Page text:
• The enemy threat -- in three dimensions (not just at ground level).
  • Smoke (becomes oppressive inside buildings).
  • Increased noise (echoes inside rooms).
  • Difficult, compartmentalized terrain.
  • Increased casualties in a confined area.
  • Target discrimination difficulty between combatants and non-combatants.

After MOUT training, most soldiers readily admit some involuntary sensory gating which results in a loss of situational awareness. A soldier cannot be further burdened by more sensory input and an additional 46 pounds atop his 100 pounds of body armor, seven 30-round magazines, four hand grenades/flash bangs, smoke grenades, breach kit, demolitions, marking kit, and radio.

We are simply expecting too much of the Infantryman. If one compares what the average Infantryman must have to fight in MOUT with the equipment that Army's special operations units currently use, there is a significant disparity. Of nearly 100 special operations direct action soldiers and leaders personally interviewed regarding what tools were needed for MOUT, none of the above technological advances made the list. They all listed the requirement for a set of basic protective equipment and lots of hands-on training. We cannot expect more from the average Infantryman than we do from the specially selected, most highly trained soldiers in the U.S. Army.

The question remains: Does the Army have adequate equipment to fight and win in the MOUT environment? Yes. Some of the basic protective equipment (knee and elbow pads) may require local purchase, but all the really necessary equipment is already in the Army supply system.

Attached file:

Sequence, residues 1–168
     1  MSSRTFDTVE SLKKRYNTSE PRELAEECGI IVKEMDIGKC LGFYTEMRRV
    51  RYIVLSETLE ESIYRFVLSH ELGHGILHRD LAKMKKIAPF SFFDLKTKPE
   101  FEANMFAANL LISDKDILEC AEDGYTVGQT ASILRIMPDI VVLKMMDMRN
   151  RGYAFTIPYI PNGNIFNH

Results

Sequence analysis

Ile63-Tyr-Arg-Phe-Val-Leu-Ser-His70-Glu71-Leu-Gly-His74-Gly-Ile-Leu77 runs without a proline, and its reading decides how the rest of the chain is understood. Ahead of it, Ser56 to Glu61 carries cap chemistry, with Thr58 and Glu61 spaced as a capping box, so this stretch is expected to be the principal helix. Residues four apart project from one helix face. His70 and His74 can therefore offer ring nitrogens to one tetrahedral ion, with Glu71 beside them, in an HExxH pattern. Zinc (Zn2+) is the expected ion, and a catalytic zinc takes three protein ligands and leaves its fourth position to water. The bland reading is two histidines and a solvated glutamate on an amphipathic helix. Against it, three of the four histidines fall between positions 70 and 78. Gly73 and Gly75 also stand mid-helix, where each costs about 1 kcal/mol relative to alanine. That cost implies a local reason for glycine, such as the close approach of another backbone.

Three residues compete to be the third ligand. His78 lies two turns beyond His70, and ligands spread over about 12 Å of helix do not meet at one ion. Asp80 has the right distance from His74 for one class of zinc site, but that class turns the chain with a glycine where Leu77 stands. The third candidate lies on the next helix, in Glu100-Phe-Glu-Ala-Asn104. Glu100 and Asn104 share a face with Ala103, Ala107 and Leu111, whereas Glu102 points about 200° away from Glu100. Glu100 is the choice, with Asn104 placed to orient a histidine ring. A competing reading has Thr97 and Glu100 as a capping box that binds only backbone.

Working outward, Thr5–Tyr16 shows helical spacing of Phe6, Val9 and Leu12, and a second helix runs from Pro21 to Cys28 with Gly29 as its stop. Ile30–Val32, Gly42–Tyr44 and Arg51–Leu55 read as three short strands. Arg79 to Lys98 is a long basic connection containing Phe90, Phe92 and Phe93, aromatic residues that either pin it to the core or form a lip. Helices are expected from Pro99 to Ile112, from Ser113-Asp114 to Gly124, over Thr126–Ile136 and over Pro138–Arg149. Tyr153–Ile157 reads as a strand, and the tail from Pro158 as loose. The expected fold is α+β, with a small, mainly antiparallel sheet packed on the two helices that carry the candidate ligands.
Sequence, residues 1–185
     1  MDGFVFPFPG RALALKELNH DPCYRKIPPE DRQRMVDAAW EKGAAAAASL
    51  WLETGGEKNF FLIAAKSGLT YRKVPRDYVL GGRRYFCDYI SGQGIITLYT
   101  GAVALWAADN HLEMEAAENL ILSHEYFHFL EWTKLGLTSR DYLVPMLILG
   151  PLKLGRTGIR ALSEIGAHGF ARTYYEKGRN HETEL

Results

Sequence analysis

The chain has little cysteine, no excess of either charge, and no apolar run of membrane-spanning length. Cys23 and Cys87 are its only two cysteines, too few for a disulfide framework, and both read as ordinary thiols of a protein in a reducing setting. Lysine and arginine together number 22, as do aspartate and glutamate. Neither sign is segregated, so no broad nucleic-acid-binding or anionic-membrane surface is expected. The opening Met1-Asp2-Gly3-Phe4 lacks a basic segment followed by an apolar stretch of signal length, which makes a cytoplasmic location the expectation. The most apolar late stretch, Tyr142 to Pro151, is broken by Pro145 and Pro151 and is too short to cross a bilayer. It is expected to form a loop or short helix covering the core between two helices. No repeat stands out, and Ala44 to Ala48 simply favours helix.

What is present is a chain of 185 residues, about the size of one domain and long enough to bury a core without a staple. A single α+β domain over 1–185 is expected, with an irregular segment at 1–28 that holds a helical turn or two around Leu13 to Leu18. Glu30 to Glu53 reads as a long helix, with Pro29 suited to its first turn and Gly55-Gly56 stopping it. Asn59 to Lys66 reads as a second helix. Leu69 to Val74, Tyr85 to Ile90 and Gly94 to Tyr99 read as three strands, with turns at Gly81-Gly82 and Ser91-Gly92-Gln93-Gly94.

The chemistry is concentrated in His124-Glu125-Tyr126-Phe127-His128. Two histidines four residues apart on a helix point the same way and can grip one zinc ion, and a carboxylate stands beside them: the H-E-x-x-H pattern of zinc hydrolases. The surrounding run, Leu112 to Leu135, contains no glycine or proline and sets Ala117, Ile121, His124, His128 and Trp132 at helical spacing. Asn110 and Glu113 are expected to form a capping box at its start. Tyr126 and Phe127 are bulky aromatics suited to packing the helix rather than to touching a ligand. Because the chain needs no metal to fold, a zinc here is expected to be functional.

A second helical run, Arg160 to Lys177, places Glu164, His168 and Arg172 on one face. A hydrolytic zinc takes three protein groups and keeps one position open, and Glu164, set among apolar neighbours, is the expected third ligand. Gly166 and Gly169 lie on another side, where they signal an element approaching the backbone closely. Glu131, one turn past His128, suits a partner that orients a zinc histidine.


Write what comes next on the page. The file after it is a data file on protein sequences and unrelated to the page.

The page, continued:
BOTTOM LINE: MOUT proficiency demands time to train, first and foremost.


As interest in MOUT increases, the Army continues to sharpen its focus on MOUT. The Army is conducting more MOUT training than ever before. Proficiency is improving exponentially. The Army must be given the time and resources to train MOUT.

The Army is taking several steps in the right direction:

1) Along with revising current training manuals, the Combined Arms MOUT Task Force (CAMTF) has taken the first step by standardizing the overarching MOUT training strategy. CAMTF is moving by leaps and bounds beyond other DoD organizations in this arena. The U.S. Marine Corps has been touted as leading the way in MOUT doctrine and training. Yet, comparison of the Corps' doctrine (MCWP 3-35.3) with that of the Army (FM 90-10-1, w/Change No. 1) reveals no substantial improvement over the Army's current doctrine.